Re: release policy changes
Russ Allbery <email@example.com> writes:
> Goswin von Brederlow <firstname.lastname@example.org> writes:
>> mrvn@frosties:~% apt-cache show mozilla-dev
>> Package: mozilla-dev
>> Architecture: amd64
>> Source: mozilla
>> Version: 2:1.7.8-1
>> Depends: mozilla-browser (= 2:1.7.8-1), libnspr-dev (= 2:1.7.8-1), libxt-dev, libc6 (>= 2.3.2.ds1-21), libgcc1 (>= 1:3.4.1-3), libglib2.0-0 (>= 2.6.0), libidl0, libstdc++6 (>= 3.4.3-1)
>> As you can see clearly from the Depends the package was build against C
>> ABI from 1:3.4.1-3 and C++ ABI from 3.4.3-1. All dynamic libraries must
>> have those Depends or they already violate policy. And that version maps
>> to an uniqe ABI.
> I think you're confusing the C++ ABI with the SONAME of libstdc++.
> They're not necessarily the same thing, although right now they tend to
> change at the same time. Having the SONAME of libstdc++ change is
> actually probably more likely to cause problems than a C++ ABI change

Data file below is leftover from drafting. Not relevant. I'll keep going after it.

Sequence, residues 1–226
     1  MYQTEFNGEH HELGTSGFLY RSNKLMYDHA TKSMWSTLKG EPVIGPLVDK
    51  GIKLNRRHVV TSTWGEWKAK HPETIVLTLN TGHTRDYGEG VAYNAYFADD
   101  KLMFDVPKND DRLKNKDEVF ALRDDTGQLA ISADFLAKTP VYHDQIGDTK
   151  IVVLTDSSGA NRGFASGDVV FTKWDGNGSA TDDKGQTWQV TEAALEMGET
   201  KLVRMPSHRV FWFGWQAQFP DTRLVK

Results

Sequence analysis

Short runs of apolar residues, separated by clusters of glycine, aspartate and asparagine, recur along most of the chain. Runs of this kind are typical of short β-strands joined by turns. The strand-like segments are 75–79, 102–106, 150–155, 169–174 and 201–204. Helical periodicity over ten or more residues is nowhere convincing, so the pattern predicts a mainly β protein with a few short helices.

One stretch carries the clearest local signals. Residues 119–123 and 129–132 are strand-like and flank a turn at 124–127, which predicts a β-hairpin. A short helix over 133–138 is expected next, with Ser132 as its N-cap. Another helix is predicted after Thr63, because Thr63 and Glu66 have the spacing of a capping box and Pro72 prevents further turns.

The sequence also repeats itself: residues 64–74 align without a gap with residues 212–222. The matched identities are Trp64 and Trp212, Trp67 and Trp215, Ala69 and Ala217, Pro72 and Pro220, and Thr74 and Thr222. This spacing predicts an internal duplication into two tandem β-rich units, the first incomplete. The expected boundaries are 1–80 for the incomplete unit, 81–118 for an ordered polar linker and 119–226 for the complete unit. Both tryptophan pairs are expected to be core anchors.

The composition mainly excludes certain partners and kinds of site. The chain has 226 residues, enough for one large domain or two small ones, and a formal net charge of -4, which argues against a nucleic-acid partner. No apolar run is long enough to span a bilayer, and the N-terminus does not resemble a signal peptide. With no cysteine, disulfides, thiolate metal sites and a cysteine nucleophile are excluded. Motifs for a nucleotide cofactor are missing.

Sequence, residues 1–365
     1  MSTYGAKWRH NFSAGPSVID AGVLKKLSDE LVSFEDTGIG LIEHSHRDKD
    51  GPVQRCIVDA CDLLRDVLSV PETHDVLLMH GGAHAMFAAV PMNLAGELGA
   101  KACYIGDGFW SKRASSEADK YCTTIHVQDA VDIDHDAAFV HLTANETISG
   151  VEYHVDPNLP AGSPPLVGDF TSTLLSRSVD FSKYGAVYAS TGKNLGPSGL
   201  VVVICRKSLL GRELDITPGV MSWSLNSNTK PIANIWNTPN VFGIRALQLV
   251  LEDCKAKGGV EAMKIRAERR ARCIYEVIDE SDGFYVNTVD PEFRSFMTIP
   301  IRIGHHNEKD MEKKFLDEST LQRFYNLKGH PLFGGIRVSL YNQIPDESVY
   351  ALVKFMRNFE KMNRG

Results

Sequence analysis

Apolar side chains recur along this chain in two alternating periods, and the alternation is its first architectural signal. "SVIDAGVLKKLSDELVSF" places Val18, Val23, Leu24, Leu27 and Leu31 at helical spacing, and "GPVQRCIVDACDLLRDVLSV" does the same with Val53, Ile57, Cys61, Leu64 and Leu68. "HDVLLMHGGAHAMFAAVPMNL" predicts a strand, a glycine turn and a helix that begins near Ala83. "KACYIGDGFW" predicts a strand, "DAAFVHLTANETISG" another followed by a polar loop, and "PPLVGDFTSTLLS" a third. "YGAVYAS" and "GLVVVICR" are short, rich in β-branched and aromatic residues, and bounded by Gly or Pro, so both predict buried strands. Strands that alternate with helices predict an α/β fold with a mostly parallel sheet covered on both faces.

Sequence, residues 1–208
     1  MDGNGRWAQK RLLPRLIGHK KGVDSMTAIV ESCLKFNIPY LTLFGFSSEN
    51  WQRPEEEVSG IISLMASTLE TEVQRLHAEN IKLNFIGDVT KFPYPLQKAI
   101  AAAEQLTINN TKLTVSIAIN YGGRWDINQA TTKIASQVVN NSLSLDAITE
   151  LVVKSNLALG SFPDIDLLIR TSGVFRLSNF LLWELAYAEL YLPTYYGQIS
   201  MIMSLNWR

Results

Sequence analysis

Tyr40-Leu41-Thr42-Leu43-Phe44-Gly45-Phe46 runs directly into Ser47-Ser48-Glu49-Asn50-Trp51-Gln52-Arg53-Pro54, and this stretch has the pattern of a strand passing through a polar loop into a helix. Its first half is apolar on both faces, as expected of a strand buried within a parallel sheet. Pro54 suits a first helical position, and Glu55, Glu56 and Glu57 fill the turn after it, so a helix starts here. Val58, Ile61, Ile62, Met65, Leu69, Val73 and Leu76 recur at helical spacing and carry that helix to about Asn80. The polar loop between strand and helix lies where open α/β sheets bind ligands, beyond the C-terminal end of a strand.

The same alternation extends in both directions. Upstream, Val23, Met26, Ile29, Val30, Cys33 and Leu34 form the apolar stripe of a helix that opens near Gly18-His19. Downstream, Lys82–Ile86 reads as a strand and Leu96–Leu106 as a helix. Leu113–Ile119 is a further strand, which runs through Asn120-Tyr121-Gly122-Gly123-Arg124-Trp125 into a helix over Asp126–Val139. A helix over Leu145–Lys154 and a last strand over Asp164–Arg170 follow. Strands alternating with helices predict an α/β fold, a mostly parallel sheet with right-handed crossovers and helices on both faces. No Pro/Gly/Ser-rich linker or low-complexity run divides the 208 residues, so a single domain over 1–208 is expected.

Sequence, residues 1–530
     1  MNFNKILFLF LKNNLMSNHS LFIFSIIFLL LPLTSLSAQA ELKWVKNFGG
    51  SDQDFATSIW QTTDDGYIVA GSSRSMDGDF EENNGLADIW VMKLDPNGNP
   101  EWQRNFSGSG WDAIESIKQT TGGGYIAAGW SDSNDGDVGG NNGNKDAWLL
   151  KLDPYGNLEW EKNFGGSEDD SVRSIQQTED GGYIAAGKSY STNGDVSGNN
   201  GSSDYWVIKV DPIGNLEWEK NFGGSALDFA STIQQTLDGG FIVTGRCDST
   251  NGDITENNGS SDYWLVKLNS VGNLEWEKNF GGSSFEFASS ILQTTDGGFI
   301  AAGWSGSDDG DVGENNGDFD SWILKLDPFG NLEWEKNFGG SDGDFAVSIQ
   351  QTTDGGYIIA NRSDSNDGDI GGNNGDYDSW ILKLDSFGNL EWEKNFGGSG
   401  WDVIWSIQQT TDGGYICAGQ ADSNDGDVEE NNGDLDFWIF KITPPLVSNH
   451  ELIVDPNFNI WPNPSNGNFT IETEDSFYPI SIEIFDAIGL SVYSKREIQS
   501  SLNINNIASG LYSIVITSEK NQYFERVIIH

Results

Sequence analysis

> (since the latter is likely to be an edge case at this point), but either
> can cause problems.
If libstdc++ changes its ABI without its SONAME then every package
linked against it most likely breaks. That certainly wouldn't do.
If the ABI changes but not the SONAME then the only sane thing to do
is to encode the ABI in the package name, e.g. libstc++-6c1002. Just
like for any other lib doing the upcoming c++ abi transition.
So what I ment to say is that the package name changes. SONAME can
stay the same, but not the package name. That would cause untold
As a sidenote, even if the package name stays the same the shlibs file
should have a never version and that would show up in the Depends line
again. But that would be an obscure way to detect it.